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New developments in Tyree Wallace case after 26 years in jail for 1997 Point Breeze murder, robbery

New developments in Tyree Wallace case after 26 years in jail for a 1997 murder, robbery
New developments in Tyree Wallace case after 26 years in jail for a 1997 murder, robbery 02:50

PHILADELPHIA (CBS) -- Tyree Wallace has been behind bars at the Pennsylvania State Correctional Institution SCI Phoenix for 26 years for his connection with the Oct. 27, 1997, robbery and murder of John Su Kang, the owner of Point Breeze's Salt & Pepper Deli. 

In those 26 years, Wallace improved his life despite his circumstances by earning his GED, among several other educational certifications. He also founded the MANN Up! Association, a 501 (c)(3) peer support and empowerment group for men inside and outside the walls of SCI. He also founded an organization called Systemic Reformative Change, or SRC, a policy-focused 501 (c)(4) nonprofit to help campaign to free wrongfully accused prisoners and create opportunities for restorative justice. 

Beyond his work for others, he has maintained his innocence, that he had nothing to do with the crime he was put behind bars for 26 years ago. 

Wallace is represented by attorneys Keir Bradford-Grey of Montgomery McCracken Walker & Rhoads LLP and David M. Perry of Blank Rome LLP, who filed a Post-Conviction Relief Act, or PCRA, petition before the Philadelphia Court of Common Pleas. 

Pcra Petition - Final(133784192.1) by CBS Philadelphia on Scribd

The PCRA argues Wallace is an innocent man and that every single witness who provided testimony against him has subsequently recanted or been disqualified.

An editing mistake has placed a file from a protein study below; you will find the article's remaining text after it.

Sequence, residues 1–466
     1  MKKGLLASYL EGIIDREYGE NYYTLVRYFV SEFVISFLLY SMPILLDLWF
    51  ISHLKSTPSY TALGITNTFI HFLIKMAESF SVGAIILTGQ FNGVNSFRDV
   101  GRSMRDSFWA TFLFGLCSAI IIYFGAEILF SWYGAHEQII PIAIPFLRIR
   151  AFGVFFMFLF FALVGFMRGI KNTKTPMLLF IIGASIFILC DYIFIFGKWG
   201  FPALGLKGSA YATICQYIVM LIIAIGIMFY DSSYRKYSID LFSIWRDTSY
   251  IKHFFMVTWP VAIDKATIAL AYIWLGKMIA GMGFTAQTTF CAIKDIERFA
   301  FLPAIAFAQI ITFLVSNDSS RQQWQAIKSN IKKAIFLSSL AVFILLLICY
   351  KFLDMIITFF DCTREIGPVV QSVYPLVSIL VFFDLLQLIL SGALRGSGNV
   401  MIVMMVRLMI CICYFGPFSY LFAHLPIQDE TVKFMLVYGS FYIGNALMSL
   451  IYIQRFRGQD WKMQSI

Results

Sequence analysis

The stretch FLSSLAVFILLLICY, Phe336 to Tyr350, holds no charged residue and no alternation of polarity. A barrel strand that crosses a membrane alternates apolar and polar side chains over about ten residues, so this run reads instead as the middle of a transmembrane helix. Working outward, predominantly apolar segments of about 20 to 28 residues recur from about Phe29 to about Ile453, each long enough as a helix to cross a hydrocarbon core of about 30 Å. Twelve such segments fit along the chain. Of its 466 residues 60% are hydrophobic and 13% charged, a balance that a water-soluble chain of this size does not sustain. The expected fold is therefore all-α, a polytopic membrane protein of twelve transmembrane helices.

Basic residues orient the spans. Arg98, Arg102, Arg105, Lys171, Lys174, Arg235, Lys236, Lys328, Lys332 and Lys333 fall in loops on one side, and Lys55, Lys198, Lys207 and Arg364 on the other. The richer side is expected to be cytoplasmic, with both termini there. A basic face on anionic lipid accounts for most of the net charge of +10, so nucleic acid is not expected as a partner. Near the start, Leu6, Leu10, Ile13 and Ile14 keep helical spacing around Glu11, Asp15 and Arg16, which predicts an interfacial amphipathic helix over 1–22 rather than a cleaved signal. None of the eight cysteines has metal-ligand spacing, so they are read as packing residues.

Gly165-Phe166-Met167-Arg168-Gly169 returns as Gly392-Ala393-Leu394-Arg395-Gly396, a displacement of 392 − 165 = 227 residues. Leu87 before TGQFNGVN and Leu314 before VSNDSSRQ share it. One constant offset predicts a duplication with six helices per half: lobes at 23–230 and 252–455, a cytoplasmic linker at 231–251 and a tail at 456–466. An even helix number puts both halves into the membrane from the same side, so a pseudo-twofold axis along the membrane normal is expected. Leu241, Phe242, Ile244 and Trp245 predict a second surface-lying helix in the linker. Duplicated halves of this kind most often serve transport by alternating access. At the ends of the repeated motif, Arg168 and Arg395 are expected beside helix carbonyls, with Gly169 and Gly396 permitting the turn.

"We have more information and more evidence of which we want them [the Philadelphia District Attorney's Office] to review because we do believe that they will come to a decision to help us actually free Tyree," Bradford-Grey said. 

The petition also suggests that one of the crucial witnesses who connected Wallace to the crimes was a cooperating witness with the Commonwealth at trial, but the Commonwealth never revealed that information to Wallace's then counsel; despite his counsel asking the witness and Commonwealth at and before his trial, a violation of the Brady rule. 

On Tuesday, Common Pleas Court Judge Scott DiClaudio gave Paul George, who oversees PCRAs for the District Attorney's Office, 90 days to review PCRA and issue a recommendation. 

"There could be a full exoneration here or there could be an opportunity for a reduced sentence," Bradford-Grey said.

CBS News Philadelphia reached out to the DA's office for comment and were told the office does not comment on PCRA petitions at such a preliminary stage, but they carefully review post-conviction relief claims, which has led them to support relief for people who have been wrongfully convicted.

The next court hearing is currently scheduled for May 14. 

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